Quick trip to Brookfield to buy nappies for Allen’s Aunt June – she is attending a baby shower saturday morning to which i’ll take her. At 96, her eyesight and motor coordination isn’t what is used to be and she no longer drives. Last week, i spent a few hours scrubbing her frig and freezer since it was not working properly and all the food had gone — well, totally nasty. I discovered that the back of the freezer (inside) was frozen solid, so hoped that cleaning, vacuuming underneath and behind, as well as completely defrosting would fix the problem. Thankfully it did. I found a wooden bar to place beneath the front of the unit since it was leaning so far forward. Maybe the doors were not getting shut completely to cause it to freeze up.
We were supposed to have sunny weather today, but that didn’t happen. However, I’d already set Dallas to the task of caring for his lawnmower trailer with linseed oil and mineral spirits on Monday early afternoon. After two days of curing, today would have been the second coat. He had parked it in the barn last night because of the possibility of rain; only a heavy mist, but inside it is dry. Maybe he’ll get that second coat on tomorrow.
Had planned to pain the letters on the Powell Seed Farm sign, but too high humidity and too cool. Ran out of time anyway.
Made some phone calls. One to get the lawnmower picked up for annual maintenance, another to Bill to schedule changing out June’s garbage disposal, amongst others. Received a phone call from the fellow in south Missouri from whom I’m buying hay and he has it all delivered, so will pay him tomorrow.
Well, that’s about it along with preparing beef fillets and stir fry for lunch, three loads of laundry, making up another batch of laundry soap, and washing dishes. I had more on the to-do list, but tomorrow’s another opportunity.
During the course of the year, we sell our calves as they reach a weight that is valuable in the marketplace – this may mean we’ll have 3 or 4 days which we sell groups of calves. Monday was such a day with 200 head going to market at North Missouri Livestock Auction in Milan, MO. (also find them on facebook)
The calves had already been sorted, so Monday morning just meant gouping into trailer load lots. The number in each lot varied by trailer size.
Our little stock trailers are 7ft by 24 ft, so we can haul about 25 head of the five weight calves. I was the first one to load out for the trip to Milan and would return for a second load. Roundtrip is about an hour and 15 minutes.
Now that my husband has sold some of his calves, he’s offered to buy me a new shirt. WHAT! Aint’ nuthin’ wrong with my shirt?! 😉
Big ranch outfits often do timed AI, but we’ve never done this, so quite the experiment for us. There is a lot of time and cattle handling involved which translates, of course, to more labor costs. Time will tell if all this is really worth it. We have hired a professional AI technicial to insert the CIDRS and do the AI (artificial insemination).
18 August – Mustered the cows and replacements heifers for CIDR placement to begin at 7am along with a Gonadotropin-releasing hormone (GnRH) vaccination. Doug, the technician had a flat tire so was running about 30 minutes late. Not a problem. The cows sorted nicely and went through the chute with no problems. We managed a pace of 67 cows per hour for a total of 3 1/2 hours from start of CIDR insertion to being finished. Sorting of course, was started an hour earlier. Weather was perfectly cloudy, cool, with rain starting after we finished!.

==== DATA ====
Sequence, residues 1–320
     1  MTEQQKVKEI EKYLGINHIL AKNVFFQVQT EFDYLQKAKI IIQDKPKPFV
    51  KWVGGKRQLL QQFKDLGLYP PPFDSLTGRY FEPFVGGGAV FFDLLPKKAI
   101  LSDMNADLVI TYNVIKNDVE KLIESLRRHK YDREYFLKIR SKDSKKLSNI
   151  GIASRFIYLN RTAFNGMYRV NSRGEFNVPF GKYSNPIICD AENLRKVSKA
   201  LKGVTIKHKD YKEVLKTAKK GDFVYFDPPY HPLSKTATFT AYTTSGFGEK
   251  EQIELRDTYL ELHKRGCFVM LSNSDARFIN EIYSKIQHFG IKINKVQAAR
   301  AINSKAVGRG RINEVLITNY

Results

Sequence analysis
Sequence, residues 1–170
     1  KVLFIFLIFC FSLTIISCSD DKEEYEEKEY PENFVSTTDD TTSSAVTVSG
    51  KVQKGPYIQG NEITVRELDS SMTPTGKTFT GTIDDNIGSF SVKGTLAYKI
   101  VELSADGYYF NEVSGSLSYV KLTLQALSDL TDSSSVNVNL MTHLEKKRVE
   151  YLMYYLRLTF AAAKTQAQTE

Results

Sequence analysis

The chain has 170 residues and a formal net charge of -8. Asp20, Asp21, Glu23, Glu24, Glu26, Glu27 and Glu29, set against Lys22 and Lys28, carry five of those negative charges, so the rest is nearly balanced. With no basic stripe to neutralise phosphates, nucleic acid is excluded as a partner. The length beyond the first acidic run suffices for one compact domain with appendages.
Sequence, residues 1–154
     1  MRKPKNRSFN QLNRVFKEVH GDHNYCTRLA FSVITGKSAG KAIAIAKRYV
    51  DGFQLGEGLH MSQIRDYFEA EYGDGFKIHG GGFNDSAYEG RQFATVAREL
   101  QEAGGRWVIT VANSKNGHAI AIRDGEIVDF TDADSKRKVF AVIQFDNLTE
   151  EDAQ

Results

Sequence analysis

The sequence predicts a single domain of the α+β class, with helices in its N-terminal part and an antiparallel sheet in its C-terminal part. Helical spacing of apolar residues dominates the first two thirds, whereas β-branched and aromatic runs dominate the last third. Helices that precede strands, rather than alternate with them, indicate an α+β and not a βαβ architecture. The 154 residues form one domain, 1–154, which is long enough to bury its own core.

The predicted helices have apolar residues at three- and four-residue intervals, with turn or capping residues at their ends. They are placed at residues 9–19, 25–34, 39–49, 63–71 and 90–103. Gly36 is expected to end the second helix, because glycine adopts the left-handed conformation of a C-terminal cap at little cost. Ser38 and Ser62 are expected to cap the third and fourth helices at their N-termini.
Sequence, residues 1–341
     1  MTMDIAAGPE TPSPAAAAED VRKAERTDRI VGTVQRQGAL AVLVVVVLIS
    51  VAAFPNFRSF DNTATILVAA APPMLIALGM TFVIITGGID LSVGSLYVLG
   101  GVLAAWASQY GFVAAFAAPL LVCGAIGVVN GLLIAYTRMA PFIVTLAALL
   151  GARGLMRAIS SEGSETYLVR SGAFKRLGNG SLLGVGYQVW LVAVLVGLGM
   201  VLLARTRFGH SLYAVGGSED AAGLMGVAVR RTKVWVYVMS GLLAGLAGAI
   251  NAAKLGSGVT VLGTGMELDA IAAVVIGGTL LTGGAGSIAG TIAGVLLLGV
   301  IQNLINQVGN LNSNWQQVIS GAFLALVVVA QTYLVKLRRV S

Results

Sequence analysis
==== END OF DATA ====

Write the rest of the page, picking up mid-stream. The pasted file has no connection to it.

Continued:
25 August – Mustered the cows and replacements heifers in again at 4:30 removal of the CIDRS in the cows which also received the lutalyse shot\. Sorted off the replacement heifers and held in corral overnight. A little warm starting here in the afternoon, but not too bad. about 82F, but began to cool off quickly. We were finished by 7:30p.
26 August – Removal of CIDRS in heifers at 7am. Also received a shot of lutalyse. Had a couple of calves to doctor, then let the whole mob down into the timber.
27 August – 6pm – went to muster the cows into the small lot by corral. RIck had already unrolled 4 bales of good hay, but the cows had found their way out of the timber. Took until 7:30 to get them in! Note to self: Leave the cows in the small lot with high quality hay rather than turning them out and having difficulty getting them back in. My thoughts are that they are really tired of getting poked and prodded, so were quite reluctant to move back towards the corral and with all the hormones raging at this point, they are pretty distracted.
We finished about 12;30 pm and had AI’d 210 animals in five hours. If I get 55% of the cows bred to Red Eddard, that’d be industry standard. As expensive as this whole process is, I hope for better – only time will tell. The cows have all been inseminated with Red Eddard, a red Aberdeen Angus that was collected at Cogent and has been sold by Dunlouise Angus to another farmer.
28 August – morning start at 7am with the cows; the heifers were held until last so that the timing is right for best chance of successful AI and conception for each group. Cows should be AI’d 60-66 hours after CIDR removal and heifers about 54-60 hours. Both receiving a second Gonadotropin-releasing hormone (GnRH) shot. A bit late getting started. Cows were, not surprisingly, reluctant to go into the corral, but at last they made it. We started about 7:30 am again. Everything went very well today, however, and we finished about 12:30pm.
I made my final selection of cows to use for embryo transplant work
and only ended up with 17 for 10 embryos. Hopefully, enough cows will be in standing heat this coming week and none fall out for other reasons, so that each of 10 embryos will have a new home inside a momma’s womb. AND remain viable.